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Portable/Nomadic Shelters

Green Building Tools & Resources. Tiny Homes Are Cheap. Cheap (Potentially Free) To Build Houses. Theoretically, you could build any house for free, especially in a model such as the resource-based economy that participants in the Zeitgeist movement propose. Realistically, a dwelling could only be built for free to the degree that it was made from local materials. Therefore any design that involves imported materials will very likely have some level of financial (and ecological) cost attached to it in most instances, though as we will see throughout this chapter this is not necessarily so, as we can often use the detritus of industrialised society to produce the sustainable homes of the future. I will look at houses that could be built for free but are likely to cost something, even if it is a fraction of what you would spend on a modern bricks and mortar house. To keep costs to the absolute minimum, use your imagination and try to use what you have at hand, as much as you possibly can, in the construction process.

Passive solar designs Earthships Earth bag construction Circular houses. DIY Off-Grid Home: Simple Solar Homesteading. 29 Features Off The Grid Homebuilders Should Consider. Guest Post By L. Fred Roensch, PhD In addition to the expected, e.g. high level of insulation, caulking, double glazing, smoke and carbon monoxide monitors and security systems – the following features are suggested for any “off the grid” home. Most of these features are well known and widely used in energy efficient homes – some are not!

I’d like to share 29 features that I think every off-grid homebuilder should think about… Minimize total enclosed square footage The smaller the enclosed space the lower the heating and cooling energy demand.Minimize footprint by using two stories. A two-story home requires a smaller lot size, reduces impact on the surrounding environment, and is easier and more efficient to heat and cool. It also can be designed to appear from the north side as a very conventional home. Many, but not all, of the features listed above are discussed in detail in the following books: “Earth-Sheltered Homes: How to Build an Affordable Underground Home” by Rob Roy. Tiny Off-Grid Cabin Is Completely Self-Sustaining. A project 30 years in the making, this tiny off-grid retreat on a coastal island in Maine is almost entirely self-sufficient. Designed and built by Alex Porter for her father, the project features a shed roof and is wrapped in a distinctive blue-grey corrugated skin.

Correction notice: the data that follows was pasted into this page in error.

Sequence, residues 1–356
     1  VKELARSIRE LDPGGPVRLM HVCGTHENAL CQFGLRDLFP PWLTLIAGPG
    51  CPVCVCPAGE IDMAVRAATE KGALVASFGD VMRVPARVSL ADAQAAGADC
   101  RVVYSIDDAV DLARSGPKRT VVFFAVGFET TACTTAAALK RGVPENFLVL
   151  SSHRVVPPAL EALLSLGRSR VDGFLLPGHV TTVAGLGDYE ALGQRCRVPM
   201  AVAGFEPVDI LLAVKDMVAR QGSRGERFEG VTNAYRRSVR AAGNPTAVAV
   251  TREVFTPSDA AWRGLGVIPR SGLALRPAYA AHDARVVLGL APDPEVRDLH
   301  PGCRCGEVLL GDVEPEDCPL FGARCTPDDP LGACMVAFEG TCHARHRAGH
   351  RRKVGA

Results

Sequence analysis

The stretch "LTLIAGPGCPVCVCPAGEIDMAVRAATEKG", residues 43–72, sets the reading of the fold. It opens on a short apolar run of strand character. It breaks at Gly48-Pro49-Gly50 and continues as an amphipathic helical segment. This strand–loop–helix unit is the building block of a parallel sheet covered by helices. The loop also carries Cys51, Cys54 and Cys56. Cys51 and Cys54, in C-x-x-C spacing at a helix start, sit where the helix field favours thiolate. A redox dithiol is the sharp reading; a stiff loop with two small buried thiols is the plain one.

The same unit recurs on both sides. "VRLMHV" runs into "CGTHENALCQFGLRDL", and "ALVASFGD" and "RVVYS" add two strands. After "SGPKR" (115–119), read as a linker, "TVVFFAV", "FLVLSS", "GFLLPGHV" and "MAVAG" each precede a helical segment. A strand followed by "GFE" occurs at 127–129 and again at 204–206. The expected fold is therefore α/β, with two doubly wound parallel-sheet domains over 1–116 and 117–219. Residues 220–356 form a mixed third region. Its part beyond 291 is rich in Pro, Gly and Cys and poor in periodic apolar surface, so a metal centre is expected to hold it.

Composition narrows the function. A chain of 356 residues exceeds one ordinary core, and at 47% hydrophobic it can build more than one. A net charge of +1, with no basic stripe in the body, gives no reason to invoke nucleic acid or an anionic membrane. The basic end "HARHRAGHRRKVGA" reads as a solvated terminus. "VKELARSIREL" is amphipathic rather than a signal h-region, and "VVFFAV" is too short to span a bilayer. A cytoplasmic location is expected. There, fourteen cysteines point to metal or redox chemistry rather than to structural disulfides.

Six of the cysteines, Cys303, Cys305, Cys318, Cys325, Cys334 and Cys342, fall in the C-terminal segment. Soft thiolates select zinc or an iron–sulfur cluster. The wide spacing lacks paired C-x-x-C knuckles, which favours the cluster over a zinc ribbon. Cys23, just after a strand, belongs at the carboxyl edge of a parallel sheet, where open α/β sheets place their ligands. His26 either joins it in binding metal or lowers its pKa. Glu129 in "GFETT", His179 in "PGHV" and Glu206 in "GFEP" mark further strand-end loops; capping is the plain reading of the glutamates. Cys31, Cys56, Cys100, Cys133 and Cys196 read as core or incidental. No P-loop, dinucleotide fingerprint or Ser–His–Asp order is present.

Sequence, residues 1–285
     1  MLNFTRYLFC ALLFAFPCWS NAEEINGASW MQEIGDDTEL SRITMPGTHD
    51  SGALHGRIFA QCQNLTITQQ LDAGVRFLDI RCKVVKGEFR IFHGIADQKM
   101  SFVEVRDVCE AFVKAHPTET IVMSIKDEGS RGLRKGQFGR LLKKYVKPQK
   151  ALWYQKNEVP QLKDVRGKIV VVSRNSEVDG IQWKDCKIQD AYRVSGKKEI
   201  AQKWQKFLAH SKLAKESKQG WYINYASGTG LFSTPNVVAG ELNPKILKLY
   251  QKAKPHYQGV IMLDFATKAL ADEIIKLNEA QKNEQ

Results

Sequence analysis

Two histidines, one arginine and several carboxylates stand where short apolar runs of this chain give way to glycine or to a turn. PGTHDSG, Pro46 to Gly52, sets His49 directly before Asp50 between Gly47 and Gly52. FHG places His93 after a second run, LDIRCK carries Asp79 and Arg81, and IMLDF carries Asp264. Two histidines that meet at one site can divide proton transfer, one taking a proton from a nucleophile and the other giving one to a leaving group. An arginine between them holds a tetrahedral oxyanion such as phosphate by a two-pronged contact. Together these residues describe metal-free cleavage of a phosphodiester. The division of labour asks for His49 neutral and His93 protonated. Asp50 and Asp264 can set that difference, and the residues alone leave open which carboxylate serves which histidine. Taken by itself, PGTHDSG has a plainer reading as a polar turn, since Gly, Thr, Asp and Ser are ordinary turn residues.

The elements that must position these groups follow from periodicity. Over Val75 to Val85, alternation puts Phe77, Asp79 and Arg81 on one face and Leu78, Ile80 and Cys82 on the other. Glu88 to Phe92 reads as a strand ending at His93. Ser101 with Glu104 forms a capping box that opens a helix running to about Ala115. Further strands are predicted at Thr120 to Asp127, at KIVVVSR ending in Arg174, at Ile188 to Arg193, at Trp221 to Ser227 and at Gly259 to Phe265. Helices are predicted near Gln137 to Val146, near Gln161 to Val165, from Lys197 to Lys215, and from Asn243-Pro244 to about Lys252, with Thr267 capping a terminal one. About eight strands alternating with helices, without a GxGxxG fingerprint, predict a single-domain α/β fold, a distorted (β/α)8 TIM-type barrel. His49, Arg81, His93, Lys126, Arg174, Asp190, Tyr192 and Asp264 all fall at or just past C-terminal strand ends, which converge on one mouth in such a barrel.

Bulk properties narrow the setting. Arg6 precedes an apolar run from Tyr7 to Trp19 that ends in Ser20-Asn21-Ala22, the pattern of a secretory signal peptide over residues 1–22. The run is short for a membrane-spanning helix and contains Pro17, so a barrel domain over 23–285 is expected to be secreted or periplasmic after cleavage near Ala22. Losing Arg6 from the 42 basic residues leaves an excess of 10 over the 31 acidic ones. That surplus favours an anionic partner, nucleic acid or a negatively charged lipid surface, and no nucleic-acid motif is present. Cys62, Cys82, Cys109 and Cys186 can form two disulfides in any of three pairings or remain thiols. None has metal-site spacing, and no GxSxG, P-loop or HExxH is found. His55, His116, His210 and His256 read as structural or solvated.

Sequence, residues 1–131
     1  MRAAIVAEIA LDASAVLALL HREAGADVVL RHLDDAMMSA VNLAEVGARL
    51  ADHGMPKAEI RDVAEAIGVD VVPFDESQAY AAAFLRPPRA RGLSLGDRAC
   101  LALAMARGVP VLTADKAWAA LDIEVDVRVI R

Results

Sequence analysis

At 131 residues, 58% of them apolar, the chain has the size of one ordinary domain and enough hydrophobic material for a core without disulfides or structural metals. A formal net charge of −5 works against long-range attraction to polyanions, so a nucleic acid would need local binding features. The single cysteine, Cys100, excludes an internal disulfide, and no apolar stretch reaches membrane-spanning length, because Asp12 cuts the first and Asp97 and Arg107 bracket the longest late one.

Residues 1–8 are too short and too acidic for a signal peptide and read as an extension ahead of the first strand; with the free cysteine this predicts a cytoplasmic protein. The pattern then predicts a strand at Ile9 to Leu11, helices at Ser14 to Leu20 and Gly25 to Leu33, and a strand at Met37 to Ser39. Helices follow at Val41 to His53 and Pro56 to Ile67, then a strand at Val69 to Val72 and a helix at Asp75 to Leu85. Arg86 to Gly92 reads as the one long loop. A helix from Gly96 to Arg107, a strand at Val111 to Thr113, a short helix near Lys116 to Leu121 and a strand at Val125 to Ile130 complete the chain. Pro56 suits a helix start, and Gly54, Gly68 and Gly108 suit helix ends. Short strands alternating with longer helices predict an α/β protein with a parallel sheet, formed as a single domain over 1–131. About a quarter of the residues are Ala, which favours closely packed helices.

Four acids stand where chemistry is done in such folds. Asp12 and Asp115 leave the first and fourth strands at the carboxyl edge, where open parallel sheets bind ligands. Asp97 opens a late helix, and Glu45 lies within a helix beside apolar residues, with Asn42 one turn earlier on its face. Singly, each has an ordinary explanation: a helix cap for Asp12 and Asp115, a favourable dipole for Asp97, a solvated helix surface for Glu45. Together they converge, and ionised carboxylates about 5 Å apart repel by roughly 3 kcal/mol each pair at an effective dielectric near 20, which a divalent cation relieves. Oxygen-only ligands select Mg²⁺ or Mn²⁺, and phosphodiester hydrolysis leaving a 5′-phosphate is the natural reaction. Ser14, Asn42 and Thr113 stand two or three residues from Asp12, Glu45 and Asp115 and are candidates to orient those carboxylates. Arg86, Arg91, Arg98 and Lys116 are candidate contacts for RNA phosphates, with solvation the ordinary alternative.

Dwell recently profiled the home, which is the only solar-powered retreat on the isolated island – its sustainable power source actually makes life a lot more leisurely, as the family does not need to schlep in fuel to run a noisy generator. They didn’t give anything up, as they have all the conveniences of a regular home — but with a view you don’t get in an everyday residence. The house is situated on a tiny sleeve of rock tucked close to the water. Given the remote location of the property and the site’s lack of power, the design made careful use of all materials so that everything is spaced on 24-inch centers. Plans for Passive Solar Homes.

Building With Natural Materials: Straw, Earth, Cob, Clay, Bamboo

Create 25sqft Of Extra Storage By Building These Box Stairs. I know that many tiny houses today don’t have staircases in them because people opt for ladders instead; however, I don’t think ladders are a great option for several reasons. First and foremost, there’s nothing quite like having to climb down a ladder in the middle of the night to use the bathroom.

Further, as the home’s inhabitants get older, the use of a ladder will likely become more and more difficult. The good news is that a staircase can work in the right size tiny home and the space underneath it can provide for a lot of storage. Below I show you a step-by-step approach to creating just such a space. In the example shown, the treads (what you step on) are 10″ deep and the risers (the height of each step) are 8 7/8″ tall and the entire unit is built from 3/4″ cabinet grade plywood. Learning how to calculate stairs is a lesson in and of itself, but I’ll give you a quick primer here to get you started. Measure the height of the space requiring stairs. Now, let’s build some boxes… Green Homes – Mother Earth News. EcoShell Construction: Domes for the World. Mushroom Dome Cabin.

Tiny cabin with geodesic dome roof in Aptos, CA. Photos by Morgan. Stay in it here. Tiny Earthen Home Dome. Project led by: Jeffrey Location: Aprovecho, Cottage Grove, OR Date: September 2011 – April 2012 Reclaimed timber ceiling feature, surrounded by earthen plaster The project began with an idea: by reducing the size of a house, we actually increase the space we live in. Having a smaller home forces us outside and into nature. My aim was to make a well built cabin cheaply; using material destined for the landfill as much as possible.I feel that much of the western world has become a ‘throw-away’ society. No longer do we repair our belongings when they wear out or break, but instead we thrown them away and buy new ones. I wanted the cabin to be small, with room enough for only a bed, desk and small wood stove for winter heat.